Archive | June, 2015

Every Bike Tells a Story

19 Jun

Yesterday I stopped by Whole Foods to get groceries and ended up spending half my time in the parking lot looking at motorcycles. Yes, at Whole Foods.

First, I found a great parking spot that was already occupied by a Suzuki DRZ400SM – that’s the super moto version of the DRZ400, the baby brother to my DR650es which I was riding. Of course I checked it over, starting with tire wear (check the chicken strips to determine rider skill, daring or both), then moving on to accessories, maintenance (dirty chain? worn sprockets? rust?) and damage. This was a nice, clean bike with about 3/4″ chicken strips. The only accessory was the exhaust – Yoshimura. It was nearly new, so it was no surprise that the bike was in nice shape. And the relatively small chicken strips told me that the owner was an experienced motorcyclist, which also makes sense because few noobs would understand what a super moto bike was.

As I was looking over the DRZ a bit of red caught my eye. About five parking spaces away was a white truck with a red Ducati in the back, circa 2007-2013, pre-Panigale. From that distance I already knew it was either a just-purchased bike, a repair, or heading to or from a track. Grocery shopping would have to wait.

As I walked over I could see it was a 1098, so that meant it was the early model. Everything was stock, including the exhaust, and the entire right fairing was scraped substantially – it had been down. The brake pedal, bar ends, clutch cover and other parts were unmarked, so they had all been replaced. It had no sliders. So it was a stock 1098 with severe road rash from a long slide. It wasn’t a tip-over, a high side or anything causing the bike to tumble. Fast enough to slide some distance, but not so fast as to completely destroy the fairings or cause the bike to flip.

But was it in the truck for repairs, and recent purchase, or a track day? The brand new Pirelli tires answered that question: track day. On his way to (not from) a fun day at the track. And was this an experienced rider or a noob? Young or old? Hard to tell. Perhaps and experienced rider picking up a salvage repair bike to ride at the track? An experienced or inexperienced rider picking up his repaired bike that just happened to need tires, too? (Wrecking the track-day scenario.) Difficult to tell without actually seeing the rider or peering into the truck’s cab to see what sort of equipment was there. Did he have his leathers, helmet, boots and other gear? Nothing else was in the back of the truck, not even a toolbox. The track-day scenario was looking less likely.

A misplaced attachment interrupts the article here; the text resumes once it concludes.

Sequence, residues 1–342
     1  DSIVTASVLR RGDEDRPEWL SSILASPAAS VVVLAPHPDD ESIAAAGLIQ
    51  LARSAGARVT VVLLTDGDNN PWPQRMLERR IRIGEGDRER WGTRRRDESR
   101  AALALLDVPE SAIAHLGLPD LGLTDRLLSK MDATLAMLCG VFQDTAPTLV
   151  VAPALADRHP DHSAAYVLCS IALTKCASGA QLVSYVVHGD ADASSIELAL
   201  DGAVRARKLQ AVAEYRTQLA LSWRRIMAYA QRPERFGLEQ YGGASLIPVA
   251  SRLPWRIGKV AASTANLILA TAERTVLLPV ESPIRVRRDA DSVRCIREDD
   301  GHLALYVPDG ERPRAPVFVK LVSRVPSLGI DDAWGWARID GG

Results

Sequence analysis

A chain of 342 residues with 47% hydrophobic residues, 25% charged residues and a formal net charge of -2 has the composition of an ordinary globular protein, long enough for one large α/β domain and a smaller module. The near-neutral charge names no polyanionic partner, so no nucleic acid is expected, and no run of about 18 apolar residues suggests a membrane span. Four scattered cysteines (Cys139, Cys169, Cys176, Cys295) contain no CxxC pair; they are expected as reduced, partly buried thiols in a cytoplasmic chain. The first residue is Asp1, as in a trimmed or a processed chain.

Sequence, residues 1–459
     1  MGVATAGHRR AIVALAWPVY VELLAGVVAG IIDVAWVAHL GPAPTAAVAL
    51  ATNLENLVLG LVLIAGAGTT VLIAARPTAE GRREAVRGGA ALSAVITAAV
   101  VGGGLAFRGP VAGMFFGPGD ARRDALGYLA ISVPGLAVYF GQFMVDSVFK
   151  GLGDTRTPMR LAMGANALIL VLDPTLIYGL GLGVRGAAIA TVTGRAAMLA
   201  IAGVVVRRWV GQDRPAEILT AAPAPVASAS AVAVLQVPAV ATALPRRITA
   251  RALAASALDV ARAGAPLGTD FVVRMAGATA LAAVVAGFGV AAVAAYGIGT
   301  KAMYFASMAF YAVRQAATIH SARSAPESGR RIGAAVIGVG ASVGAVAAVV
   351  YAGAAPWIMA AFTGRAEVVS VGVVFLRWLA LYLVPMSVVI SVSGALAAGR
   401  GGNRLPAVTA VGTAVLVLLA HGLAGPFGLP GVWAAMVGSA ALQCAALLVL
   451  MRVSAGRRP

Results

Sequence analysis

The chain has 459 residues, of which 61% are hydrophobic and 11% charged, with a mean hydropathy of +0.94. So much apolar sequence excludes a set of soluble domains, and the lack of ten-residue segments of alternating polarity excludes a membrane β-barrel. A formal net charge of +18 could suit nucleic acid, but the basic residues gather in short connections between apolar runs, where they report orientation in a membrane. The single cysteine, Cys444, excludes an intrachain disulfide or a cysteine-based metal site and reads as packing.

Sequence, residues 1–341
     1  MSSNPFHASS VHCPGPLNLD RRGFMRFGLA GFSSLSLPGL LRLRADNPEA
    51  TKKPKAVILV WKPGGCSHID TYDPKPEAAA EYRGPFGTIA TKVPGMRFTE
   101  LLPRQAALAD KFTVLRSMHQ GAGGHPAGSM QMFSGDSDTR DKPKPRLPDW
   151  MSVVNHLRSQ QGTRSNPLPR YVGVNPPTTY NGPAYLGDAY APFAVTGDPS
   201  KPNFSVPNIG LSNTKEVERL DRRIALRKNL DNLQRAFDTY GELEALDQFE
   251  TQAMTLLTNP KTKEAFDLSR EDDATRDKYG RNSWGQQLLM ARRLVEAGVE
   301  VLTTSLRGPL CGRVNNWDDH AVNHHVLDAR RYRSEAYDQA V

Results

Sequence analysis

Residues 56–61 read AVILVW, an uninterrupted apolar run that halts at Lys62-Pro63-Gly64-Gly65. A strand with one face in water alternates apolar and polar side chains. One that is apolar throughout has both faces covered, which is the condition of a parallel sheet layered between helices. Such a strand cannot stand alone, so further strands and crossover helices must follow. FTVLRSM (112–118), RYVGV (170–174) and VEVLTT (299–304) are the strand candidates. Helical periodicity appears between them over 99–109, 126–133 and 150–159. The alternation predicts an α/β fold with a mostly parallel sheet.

When I decided it was time to do my shopping I noticed the DRZ owner gearing up, so I went over to say hello and compliment him on his choice of bikes. Youngish guy, probably about 28. Knew his bikes. We talked wheel size and geometries. Always good talking bikes with bikers. Better when they know their stuff.

I did my shopping, returned to the parking lot, and the 1098 was still there. Where is that guy? Probably eating. Well, now I’ll never know for sure, unless I see the guy at the Rock Store, the dealer or at a gas station. I decided to stick with the track-day story as I liked that one best.

And maybe that’s the point. Every time we see a motorcycle sans motorcyclist we imagine the story of both. Examining the bike is the best part as that tells most of the story. The rider can tell the rest, but he can’t get around the chicken strips. Why we write those stories in our heads cannot be explained, but it’s part of the experience.

Clean Frame = Jail Time

12 Jun
Stripped naked for DMV inspection.

Stripped naked for DMV inspection. Notice the beautiful sans-stickers frame.

Don’t clean up your bike’s frame unless you’re ok with 90 days in LA county jail.

I recently bought a beautiful 1198sp. (Ducatisti know.) Hardly ridden. Kept in a garage that’s cleaner than my house. No mods. I’m in CA. The seller in Indiana. “Beautiful” included having the unsightly silver/grey stickers removed from its iconic red trellis frame.

Screen Shot 2015-06-12 at 3.08.41 PM

1198sp with stickers. (And clothes.) Not mine, but nice…except for the stickers. It wasn’t easy finding a photo of one that still had the stickers.

Buying an out-of-state bike is an ordeal, and getting it registered and licensed in one’s home state adds to the journey. But a bike with a cleaned up frame is a whole other thing. And from what I’ve just learned, just owning a bike with sticker-free,  cleaned-up frame is a jail-time offense in California.

“No person shall knowingly buy, sell, offer for sale, receive, or have in his or her possession, any vehicle, or component part thereof, from which any serial or identification number…affixed by the manufacturer…in whatever manner…has been removed…punishable by imprisonment…not less than 90 days…and a fine not less than ($250).”

After two trips to the DMV, being sent to the CHP for a secondary VIN inspection (3-week wait) then back to the DMV (waited over 2 hours; leaving now) I’m close to getting my baby properly registered and plated. And I’m lucky! Because the guy I bought it from managed to remove all of the stickers (without shredding them, as they are designed to break up when attempting removal) and save them with the rest of the paperwork, intact.

Now I need to carry the stickers on the bike with the registration or risk jail.

But you know what? It’s worth it.